Blog: From the Bedrock

The History of North American Soapstone From The Heart of the Virginia Hills

Posted by Steven Schrenk

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It was 150 years ago that Confederate Robert E. Lee surrendered to Union Lt. Gen. Ulysses S. Grant, the definitive milestone of the end of the Civil War in Appomattox, Virginia. Over the course of American History we have come to associate certain materials and objects with specific periods of time – quill pens and ink bottles, parchment paper, knee-high white socks and wigs with tied ponytails all conjure up thoughts of our nation’s development. One state in particular is filled with its share of historical significance such as colonial Williamsburg, the home of Thomas Jefferson and George Washington and other founding fathers as well as the birthplace of a fascinating deposit of blue / grey rock known as Alberene soapstone, the one and only soapstone quarried on the North American continent.

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Jefferson's Mill at Shadwell 

A unique geological occurence on the eastern edge of the Blue Ridge Mountains, the million year old Lynchburg formation was central to the history and economic development of Nelson, Amherst and Albemarle counties of Virginia. When first established in 1883, the desire for this alluring soapstone was so great that the small town of Schuyler was literally built around the quarry itself, at one time employing over 2,000 people. Classified as a high-density , foliated, metamorphic  steatite, our Alberene soapstone is an architectural-grade stone due to its unique close-grained structure. It made an ideal choice for items such as laundry tubs, farm sinks, roofing tiles, chemistry lab tops, paving, an additive for rubber and even body powders. There are still original sinks that are being sold at architectural salvage and antique stores across the US thanks to the strength of the material and the ease with which they can be refinished.

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Custom Alberene Soapstone Sink 

A visit to the Alberene soapstone quarry is like stepping back in time to the forgotten world of the early industrial revolution where antique processing equipment stands beside modern, sleek and shiny stone cutting machines. It’s a site steeped in history which would be equally at home in a tour of the English settlement of Jamestown or the Monticello mansion. The exterior of one of the original buildings is covered in a veneer of stacked soapstone, an original wooden slab cart with metal wheels recalls earlier production methods and even an old x-ray film processing tank made of soapstone lies along a wall ready to perform its original job.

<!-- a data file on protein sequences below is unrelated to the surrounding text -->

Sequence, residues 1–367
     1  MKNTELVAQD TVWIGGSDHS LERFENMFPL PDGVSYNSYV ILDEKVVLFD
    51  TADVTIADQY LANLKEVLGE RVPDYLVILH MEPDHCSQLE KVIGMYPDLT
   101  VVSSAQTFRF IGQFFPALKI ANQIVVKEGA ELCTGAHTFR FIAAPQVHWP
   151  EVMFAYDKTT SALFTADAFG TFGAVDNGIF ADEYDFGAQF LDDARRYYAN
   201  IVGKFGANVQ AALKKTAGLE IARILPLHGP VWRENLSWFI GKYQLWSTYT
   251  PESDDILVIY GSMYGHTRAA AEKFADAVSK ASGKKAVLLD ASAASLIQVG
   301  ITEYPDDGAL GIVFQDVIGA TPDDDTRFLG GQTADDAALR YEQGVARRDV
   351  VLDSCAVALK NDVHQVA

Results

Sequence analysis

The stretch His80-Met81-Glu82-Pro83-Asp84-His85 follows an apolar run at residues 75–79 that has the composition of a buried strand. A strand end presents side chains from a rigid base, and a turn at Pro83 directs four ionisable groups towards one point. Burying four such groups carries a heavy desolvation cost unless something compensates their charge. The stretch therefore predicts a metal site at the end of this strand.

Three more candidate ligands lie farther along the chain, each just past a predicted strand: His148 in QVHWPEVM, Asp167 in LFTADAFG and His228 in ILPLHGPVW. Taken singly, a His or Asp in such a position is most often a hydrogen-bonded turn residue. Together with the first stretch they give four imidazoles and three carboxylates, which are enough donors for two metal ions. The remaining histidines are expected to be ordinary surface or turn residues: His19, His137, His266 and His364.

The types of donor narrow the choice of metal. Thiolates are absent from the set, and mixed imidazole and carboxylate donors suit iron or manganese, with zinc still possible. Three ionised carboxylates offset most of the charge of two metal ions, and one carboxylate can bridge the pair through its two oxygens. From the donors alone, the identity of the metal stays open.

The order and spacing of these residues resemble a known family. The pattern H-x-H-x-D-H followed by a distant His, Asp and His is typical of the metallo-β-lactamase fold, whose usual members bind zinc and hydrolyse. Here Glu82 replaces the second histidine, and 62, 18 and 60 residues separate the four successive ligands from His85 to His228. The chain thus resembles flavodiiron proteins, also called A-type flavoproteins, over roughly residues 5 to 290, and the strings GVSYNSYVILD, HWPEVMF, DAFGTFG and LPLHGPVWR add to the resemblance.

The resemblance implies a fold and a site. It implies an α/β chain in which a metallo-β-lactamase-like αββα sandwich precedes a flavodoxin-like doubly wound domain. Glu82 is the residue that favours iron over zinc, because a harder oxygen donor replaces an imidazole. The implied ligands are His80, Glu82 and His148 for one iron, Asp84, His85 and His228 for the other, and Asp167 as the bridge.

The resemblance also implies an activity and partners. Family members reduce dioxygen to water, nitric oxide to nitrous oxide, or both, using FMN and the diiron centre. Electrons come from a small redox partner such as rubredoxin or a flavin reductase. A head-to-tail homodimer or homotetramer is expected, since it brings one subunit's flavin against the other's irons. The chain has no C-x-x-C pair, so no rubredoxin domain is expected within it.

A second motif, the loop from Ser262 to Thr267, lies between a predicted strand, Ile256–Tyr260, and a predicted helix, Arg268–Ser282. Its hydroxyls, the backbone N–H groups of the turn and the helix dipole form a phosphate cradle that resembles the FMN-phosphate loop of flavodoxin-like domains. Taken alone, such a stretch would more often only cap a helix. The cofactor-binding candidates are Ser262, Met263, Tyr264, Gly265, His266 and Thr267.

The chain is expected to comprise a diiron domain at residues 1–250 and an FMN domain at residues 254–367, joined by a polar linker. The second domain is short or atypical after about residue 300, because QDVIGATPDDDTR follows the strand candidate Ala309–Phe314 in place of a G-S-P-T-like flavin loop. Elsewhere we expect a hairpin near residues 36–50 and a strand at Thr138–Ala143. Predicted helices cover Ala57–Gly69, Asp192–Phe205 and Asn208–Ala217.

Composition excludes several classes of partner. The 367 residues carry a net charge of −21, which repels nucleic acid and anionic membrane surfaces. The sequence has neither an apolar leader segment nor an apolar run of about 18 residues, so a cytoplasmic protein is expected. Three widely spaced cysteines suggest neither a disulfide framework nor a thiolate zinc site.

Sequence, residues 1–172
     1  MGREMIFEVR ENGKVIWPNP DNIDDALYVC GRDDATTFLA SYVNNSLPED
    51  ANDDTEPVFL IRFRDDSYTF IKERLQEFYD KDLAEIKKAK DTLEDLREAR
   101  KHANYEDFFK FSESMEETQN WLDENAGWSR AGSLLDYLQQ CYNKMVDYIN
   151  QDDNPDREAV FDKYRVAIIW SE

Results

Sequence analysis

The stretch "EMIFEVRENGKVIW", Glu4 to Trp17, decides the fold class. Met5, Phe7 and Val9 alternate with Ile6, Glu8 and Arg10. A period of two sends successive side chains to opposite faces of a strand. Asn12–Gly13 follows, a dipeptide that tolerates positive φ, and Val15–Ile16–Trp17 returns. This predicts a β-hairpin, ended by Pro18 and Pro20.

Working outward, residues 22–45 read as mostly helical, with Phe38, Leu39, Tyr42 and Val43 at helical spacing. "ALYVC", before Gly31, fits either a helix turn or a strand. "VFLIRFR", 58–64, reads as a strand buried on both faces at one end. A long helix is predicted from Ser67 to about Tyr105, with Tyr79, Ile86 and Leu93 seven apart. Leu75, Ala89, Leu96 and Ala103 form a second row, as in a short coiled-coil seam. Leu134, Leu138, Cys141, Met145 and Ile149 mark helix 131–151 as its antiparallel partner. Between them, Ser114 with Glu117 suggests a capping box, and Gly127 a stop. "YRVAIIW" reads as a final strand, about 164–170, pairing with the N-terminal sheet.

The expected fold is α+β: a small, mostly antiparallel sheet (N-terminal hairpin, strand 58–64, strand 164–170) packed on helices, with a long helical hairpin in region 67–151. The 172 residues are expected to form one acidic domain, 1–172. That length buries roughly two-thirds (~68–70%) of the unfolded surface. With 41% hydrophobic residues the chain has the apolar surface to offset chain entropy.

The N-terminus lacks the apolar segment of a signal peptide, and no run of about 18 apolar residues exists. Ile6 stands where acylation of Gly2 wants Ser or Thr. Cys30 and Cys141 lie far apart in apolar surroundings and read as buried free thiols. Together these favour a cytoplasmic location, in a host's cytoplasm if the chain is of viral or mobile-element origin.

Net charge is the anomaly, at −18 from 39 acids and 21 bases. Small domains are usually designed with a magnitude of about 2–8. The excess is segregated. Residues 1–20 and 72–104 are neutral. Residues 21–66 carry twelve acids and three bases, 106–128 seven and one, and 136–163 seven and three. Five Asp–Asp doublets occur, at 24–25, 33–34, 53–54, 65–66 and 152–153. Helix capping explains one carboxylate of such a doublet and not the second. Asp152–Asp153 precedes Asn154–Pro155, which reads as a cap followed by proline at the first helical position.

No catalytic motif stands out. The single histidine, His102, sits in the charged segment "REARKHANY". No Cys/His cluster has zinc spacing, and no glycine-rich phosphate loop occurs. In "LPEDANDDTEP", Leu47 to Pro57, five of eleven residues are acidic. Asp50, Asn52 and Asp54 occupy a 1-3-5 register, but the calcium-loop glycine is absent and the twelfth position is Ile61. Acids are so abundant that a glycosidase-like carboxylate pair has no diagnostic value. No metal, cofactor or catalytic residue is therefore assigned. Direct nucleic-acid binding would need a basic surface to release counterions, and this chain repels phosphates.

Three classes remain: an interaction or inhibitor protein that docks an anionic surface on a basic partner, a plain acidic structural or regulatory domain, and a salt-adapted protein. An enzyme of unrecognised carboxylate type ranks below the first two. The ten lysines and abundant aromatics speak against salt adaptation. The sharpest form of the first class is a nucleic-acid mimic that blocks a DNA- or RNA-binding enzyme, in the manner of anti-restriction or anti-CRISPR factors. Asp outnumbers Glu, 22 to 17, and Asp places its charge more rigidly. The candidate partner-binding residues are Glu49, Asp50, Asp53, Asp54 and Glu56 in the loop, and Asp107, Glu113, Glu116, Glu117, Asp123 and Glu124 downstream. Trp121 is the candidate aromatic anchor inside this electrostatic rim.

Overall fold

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 Blocks of Alberene Soapstone in Stone Yard

The aesthetics of soapstone are unrivaled in any other material thanks to its subtle tonality, naturally honed finish and warm physical properties. The reason we love its texture and feel is due to the talc crystals that are inside the matrix of the stone. Talc is characterized by a pronounced soapy feel, with a pearly luster and softness. Yet despite its silky surface, soapstone will not harbor bacteria thanks to its high density and it will not etch from contact with acidic solutions, making it easy to maintain. Today’s design trends are favoring the visual qualities soapstone has to offer, providing the perfect solution for a modern rustic, traditional or contemporary style. Considering the popularity of greys, neutrals and textures, part of soapstone’s appeal lies in its association with historical farm houses and its reference to traditional New England homes.

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Traditional cabinetry details

The Alberene Soapstone quarry, owned and operated by Polycor, produces a visual range of material which includes Old Dominion, containing more or less white quartzite veining , and the very neutral Churchill Reserve with minimal veining. Occasional deposits of a golden ocher hue will show up in the veins. Unlike soapstone imported from other countries, Alberene soapstone is characterized by its lack of a green tonality and features more of a blue / grey hue in its natural state. When enhanced, this soapstone achieves a deep, dark black shade offering a variety of design possibilities, unrivaled by any other. Alberene Soapstone is now NSF Certified for food safety. Watch for the next post which highlights in detail the products, applications and finishes that Polycor produces in this interesting material!  

Read more about Alberene Soapstone

 

To learn more about the details of this unique soapstone, download our slab specification sheet by clicking below.

Spec Sheet

 

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